How many of us set goals and find that sticking to the routine for the long-term to achieve those goals is very, very hard.  A great example is the New Year’s resolution where we promise ourselves and others to do a certain thing for the New Year only to find that we give up the ghost after a few short weeks or months.

Whether you’re trying to improve your health, revamp your daily routine, or get started with some new productivity or happiness-boosting habit, enthusiasm for a new project often easily carries us to our initial goal.   However, once you’ve dropped those 10 pounds or gotten up every morning at 5:00 am for a week, excitement wanes and life tends to drag you back to your old ways of behaving.  Oh, how true that is.

As is so often in my narratives, I reach out to research made available by extremely credible sources, and in this case, a new study out by Stanford University’s Szu-Chi Huang and Jennifer Aaker suggests there is a mindset shift that can turn a short-term burst of enthusiasm into a real, long-lasting life change, making it particularly useful for us Boomers, or anyone of any age for that matter.

To investigate this question, Huang and Aaker designed an experiment where they asked participants who had recently met various health and personal goals to think about their experience in one of two ways.  Either they were told to do the traditional thing and simply pat themselves on the back for reaching their target, or they were instructed to tweak their thinking and reconceive of their recent success as “completing a journey” or “reaching a destination.”  Their results were recently published in the Journal of Personality and Social Psychology:  Attitudes and Social Cognition.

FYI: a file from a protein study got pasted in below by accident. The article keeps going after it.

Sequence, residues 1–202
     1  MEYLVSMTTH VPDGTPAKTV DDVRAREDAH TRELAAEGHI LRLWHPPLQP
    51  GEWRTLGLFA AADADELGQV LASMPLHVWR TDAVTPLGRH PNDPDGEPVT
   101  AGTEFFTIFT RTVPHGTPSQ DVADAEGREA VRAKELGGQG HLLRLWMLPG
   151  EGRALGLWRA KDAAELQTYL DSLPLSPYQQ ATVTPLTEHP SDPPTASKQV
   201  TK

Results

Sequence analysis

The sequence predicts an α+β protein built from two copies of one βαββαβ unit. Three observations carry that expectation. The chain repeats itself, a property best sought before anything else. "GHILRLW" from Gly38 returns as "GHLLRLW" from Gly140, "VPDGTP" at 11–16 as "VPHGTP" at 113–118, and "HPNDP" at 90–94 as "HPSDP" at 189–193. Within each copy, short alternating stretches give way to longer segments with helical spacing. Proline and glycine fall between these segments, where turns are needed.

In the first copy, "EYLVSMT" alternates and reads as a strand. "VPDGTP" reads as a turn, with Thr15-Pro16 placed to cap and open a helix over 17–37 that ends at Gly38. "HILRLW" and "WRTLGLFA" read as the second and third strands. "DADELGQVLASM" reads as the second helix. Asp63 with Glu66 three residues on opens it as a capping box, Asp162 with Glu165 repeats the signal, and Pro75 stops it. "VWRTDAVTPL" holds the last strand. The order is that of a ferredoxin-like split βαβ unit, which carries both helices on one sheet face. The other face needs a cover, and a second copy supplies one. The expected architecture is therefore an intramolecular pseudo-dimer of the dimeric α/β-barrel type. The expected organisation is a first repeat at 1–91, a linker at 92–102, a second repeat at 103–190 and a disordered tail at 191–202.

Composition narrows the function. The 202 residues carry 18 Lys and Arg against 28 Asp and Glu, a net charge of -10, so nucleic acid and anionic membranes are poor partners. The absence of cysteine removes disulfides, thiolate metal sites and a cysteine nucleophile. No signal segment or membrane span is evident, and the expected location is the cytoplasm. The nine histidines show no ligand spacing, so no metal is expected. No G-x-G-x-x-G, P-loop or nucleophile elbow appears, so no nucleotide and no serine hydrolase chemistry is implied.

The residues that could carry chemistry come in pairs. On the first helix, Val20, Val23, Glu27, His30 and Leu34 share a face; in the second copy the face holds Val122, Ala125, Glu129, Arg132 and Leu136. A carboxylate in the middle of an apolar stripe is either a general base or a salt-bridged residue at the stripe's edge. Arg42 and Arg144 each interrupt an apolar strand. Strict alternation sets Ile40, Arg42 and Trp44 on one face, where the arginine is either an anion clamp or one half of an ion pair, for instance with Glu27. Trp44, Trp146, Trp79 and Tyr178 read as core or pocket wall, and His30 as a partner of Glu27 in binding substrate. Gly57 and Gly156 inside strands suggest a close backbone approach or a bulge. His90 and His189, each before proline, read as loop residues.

The takeaway is this, “those who viewed the goal as the completion of a journey not only expressed stronger intentions to continue the goal-related behaviors, but actually did so.  For example, the fitness group was more likely to sign up for an ongoing fitness program.

We are such an impulsive society and generation, where we want instantaneous results to be long-lasting.  But think about their findings just by re-imagining meeting your short-term goal as completing a journey, and how you can significantly increase your chances of sticking with the change for the long haul.  “Thinking about a goal as the completion of journey might prompt you to reflect on how you had been at the start, and all the ups and downs along the way.  This just might make you be the kind of person who engages in these specific behaviors and make them more likely to maintain them.”  

In other words, the journey is a metaphor that focuses your attention on all you’ve weathered to reach a goal, reminding you of your own strength and wisdom, which then helps you carry on in the face of future challenges. 

If all it takes to be a little more resilient and stick with helpful changes is a new mental image, then I think most of us would sign up to give this easy intervention a try.  Go for it!

In one of our upcoming blogs, we will share a bit about our sojourn selecting a new diet and exercise program, and, believe me, it was a painful, noteworthy, yet rewarding journey.  

Whatever you try to achieve, make it a wonderful and productive adventure.

Your BoomerGal, Connie, and her #1 BoomerGuy, Bill


T.S. Eliot

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